Podiatrists (DPM) “strive to improve the overall health of their patients by focusing on preventing, diagnosing, and treating conditions associated with the foot and ankle” (AACPM, 2001).
The DPM degree involves four years of additional training beyond a baccalaureate degree. Much like other medical programs, “the first two years are devoted to classroom instruction and laboratory work in the basic medical sciences, such as anatomy, physiology, microbiology, biochemistry, pharmacology, and pathology. There is some clinical exposure in the first and second year. During the third and fourth years, students concentrate on courses in the clinical sciences, gaining experience in the college clinics, community clinics, and accredited hospitals. Clinical courses include general diagnosis (history taking, physical examination, clinical laboratory procedures, and diagnostic radiology), therapeutics (pharmacology, physical medicine, orthotics, and prosthetics), anesthesia and surgery” (AACPM, 2001).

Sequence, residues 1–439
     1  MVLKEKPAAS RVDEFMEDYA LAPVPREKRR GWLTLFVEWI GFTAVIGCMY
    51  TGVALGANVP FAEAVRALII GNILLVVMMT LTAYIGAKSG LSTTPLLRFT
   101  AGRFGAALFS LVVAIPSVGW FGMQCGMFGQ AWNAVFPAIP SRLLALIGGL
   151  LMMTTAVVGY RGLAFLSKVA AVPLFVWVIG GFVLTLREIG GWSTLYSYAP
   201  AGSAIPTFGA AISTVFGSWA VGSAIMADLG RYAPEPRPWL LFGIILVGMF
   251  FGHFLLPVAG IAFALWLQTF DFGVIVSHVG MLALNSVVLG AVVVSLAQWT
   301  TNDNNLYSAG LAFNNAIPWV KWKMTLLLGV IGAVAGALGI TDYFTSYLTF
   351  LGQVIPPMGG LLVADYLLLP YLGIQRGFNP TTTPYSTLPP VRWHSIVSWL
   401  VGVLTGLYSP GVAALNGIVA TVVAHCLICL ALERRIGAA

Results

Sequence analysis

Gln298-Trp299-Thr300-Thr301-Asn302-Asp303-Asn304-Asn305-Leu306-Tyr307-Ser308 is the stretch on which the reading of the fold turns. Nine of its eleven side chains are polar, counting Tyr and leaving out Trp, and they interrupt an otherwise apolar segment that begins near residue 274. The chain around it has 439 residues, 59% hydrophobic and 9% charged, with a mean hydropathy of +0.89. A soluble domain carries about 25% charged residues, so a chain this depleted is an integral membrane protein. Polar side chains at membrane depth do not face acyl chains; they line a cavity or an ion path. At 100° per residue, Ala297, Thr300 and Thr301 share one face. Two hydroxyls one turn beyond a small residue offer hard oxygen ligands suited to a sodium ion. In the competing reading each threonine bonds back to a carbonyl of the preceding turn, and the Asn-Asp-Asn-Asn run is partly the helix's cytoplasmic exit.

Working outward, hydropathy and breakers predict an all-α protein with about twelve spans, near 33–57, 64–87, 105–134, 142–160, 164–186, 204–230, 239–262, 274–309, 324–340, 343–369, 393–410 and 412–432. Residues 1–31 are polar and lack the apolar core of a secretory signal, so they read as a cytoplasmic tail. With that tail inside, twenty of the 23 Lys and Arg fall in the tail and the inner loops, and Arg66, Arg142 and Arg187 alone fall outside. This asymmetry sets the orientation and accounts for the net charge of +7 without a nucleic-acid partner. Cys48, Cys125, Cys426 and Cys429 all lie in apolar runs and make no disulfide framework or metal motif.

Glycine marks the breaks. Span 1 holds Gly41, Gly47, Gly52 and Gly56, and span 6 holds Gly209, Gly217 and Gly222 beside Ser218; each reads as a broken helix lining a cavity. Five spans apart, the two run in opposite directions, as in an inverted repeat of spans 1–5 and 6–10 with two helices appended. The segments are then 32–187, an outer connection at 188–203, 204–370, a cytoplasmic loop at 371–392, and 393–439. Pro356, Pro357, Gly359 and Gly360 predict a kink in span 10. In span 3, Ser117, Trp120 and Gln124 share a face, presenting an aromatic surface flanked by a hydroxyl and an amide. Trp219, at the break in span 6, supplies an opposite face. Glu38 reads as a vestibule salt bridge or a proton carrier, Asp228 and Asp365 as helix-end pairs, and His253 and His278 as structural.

For more information about becoming a doctor of podiatric medicine please visit AACPM.
Program Quick Facts
Education Association: AACPM (American Association of Colleges of Podiatric Medicine)
Application Service: AACPMAS (American Association of Colleges of Podiatric Medicine Application Service)
Entrance Exam: MCAT
Length of program: 4 years
Residency Required: Yes